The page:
Road test: Hyundai Ioniq 2019 review

Front side view of a blue Hyundai Ioniq 2019 car parked near a pier

Greg Hill

Posted April 02, 2019

Greg Hill tests the Hyundai Ioniq range of electric cars.

It’s taken a long time to get here but Ioniq, Hyundai’s first green vehicle to be sold in Australia, is now available at selected dealers.

Similar in size to Elantra, this roomy five-door hatchback offers three electrified powertrains: a pure electric model, a petrol/electric hybrid version and a plug-in electric with a range-extender petrol engine. Each has slightly different green credentials and does its best work in different applications. 

Thumbs up

The choice of three eco-friendly powertrains will suit varying needs of buyers.

Thumbs down

The Electric’s range is relatively limited, and access to fast charging may be an issue.


The Hybrid combines a fuel-efficient 1.6-litre 77kW Atkinson petrol engine with a 32kW electric motor and a 240-volt, 1.56kWh lithium-ion polymer propulsion battery. Primary propulsion comes from the petrol engine, supported by the electric motor, with the distribution ratio of the two power sources computer-controlled according to the operating situation. 

Regenerative braking keeps the battery charged. With a six-speed dual-clutch automatic transmission, the hybrid drives like a conventional car, with the benefit of fuel consumption quoted as low as 3.4L/100km.

For the Plug-in version, drivers can select either EV (electric vehicle) or HEV (hybrid electric vehicle) modes. Initial operation (when fully charged) is as an EV and it can be driven up to 63 kilometres on electric power. The petrol engine provides support and is automatically engaged for heating, additional power for hard acceleration or in Sport mode, and extending the driving range when the battery is depleted. At any stage the driver can select HEV mode to conserve battery power.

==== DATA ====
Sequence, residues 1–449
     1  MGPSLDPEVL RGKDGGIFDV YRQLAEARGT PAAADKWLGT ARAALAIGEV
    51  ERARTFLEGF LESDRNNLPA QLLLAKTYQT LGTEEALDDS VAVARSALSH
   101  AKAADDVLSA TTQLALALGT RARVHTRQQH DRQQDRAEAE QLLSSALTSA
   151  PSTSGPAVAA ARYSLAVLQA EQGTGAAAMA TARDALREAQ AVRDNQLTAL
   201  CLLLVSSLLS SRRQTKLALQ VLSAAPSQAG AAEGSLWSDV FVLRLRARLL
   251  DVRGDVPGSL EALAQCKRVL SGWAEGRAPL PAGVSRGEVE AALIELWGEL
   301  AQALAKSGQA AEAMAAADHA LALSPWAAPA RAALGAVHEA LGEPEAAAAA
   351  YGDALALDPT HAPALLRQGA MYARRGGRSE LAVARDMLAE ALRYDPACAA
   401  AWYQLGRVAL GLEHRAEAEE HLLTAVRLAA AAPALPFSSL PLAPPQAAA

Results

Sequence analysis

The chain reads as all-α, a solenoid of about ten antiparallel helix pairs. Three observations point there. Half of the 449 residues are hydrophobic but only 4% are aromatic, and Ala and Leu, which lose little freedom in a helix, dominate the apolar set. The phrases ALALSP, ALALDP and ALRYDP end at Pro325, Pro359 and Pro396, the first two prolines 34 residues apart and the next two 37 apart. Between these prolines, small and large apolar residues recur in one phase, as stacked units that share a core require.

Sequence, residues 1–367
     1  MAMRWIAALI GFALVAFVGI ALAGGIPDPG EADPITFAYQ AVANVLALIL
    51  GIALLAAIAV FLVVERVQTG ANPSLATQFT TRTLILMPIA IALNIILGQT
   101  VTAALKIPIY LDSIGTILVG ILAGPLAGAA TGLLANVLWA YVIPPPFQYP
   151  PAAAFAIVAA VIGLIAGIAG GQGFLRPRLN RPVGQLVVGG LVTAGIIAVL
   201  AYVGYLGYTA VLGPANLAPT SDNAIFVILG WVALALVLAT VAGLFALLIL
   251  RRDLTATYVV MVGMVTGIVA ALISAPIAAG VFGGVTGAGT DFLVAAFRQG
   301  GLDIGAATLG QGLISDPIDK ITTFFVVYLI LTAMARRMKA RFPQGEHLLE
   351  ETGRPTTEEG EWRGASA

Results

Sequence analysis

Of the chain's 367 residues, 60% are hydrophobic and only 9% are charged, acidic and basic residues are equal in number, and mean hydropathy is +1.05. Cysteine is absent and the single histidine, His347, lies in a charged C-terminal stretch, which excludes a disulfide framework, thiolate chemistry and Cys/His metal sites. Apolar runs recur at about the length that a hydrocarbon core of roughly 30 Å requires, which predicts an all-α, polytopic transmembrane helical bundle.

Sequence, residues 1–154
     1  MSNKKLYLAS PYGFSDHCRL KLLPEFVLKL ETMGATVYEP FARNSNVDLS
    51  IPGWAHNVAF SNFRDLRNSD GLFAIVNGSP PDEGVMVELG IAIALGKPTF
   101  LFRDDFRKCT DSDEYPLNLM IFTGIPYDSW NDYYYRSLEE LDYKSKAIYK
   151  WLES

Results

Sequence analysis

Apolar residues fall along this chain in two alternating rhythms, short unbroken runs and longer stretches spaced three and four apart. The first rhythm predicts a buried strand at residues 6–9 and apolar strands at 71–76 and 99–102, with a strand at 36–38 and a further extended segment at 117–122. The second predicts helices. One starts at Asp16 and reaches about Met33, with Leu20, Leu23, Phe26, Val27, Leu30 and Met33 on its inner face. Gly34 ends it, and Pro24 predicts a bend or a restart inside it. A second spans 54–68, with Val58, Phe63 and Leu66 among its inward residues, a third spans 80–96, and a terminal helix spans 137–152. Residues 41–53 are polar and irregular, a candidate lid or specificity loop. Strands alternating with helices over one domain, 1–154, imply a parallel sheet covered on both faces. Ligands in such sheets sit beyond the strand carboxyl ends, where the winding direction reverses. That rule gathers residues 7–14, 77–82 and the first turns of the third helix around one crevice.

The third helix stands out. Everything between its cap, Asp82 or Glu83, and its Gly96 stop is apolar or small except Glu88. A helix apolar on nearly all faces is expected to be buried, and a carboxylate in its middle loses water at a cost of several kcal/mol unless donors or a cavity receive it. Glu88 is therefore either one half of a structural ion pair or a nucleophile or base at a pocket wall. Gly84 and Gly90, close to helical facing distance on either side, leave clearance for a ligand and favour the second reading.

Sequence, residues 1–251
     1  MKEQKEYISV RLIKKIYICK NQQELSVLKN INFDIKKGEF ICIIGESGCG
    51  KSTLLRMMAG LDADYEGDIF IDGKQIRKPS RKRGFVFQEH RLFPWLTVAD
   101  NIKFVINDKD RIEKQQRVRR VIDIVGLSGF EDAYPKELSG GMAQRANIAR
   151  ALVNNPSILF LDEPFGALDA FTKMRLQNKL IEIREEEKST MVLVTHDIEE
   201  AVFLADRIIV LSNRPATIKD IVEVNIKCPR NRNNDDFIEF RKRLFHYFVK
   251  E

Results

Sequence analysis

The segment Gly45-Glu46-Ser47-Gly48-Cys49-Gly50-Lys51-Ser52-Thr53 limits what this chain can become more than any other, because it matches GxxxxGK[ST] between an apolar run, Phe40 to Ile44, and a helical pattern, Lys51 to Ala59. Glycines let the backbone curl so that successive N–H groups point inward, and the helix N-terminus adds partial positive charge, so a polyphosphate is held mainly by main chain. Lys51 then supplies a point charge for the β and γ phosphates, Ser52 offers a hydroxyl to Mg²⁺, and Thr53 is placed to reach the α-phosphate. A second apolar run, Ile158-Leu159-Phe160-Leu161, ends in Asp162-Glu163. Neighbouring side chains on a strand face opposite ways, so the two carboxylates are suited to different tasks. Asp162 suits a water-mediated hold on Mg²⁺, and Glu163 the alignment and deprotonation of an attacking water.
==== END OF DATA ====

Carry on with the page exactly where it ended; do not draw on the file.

The Plug-in can be externally charged at a dedicated charging station in as little as two hours and 15 minutes.

Regenerative braking provides recharging while driving. Hyundai uses a 360-volt, 8.9kWh lithium-ion polymer battery and a 44.5kW electric motor. The 77kW petrol engine and six-speed dual clutch auto are similar to those in the Hybrid, but used differently. The Plug-in will suit drivers who want to dip a toe into the EV world with lots of short trips, but need range for occasional longer trips.

Its official fuel consumption is a miserly 1.1L/100km, but this, and that of the Hybrid, vary significantly depending on how they are used.

The flagship Ioniq is the Electric, the only one without the back-up of a petrol engine. A bigger 360-volt, 28kWh lithium-ion polymer battery and an 88kW electric motor provide a real-world range, according to Hyundai, of about 230 kilometres, with zero exhaust emissions. Strong torque, with a peak of 295Nm and almost instant response, delivers impressive off-the-line acceleration and a smooth, progressive drive. It uses a refined single-speed reduction gearbox to deliver seamless power to the front wheels.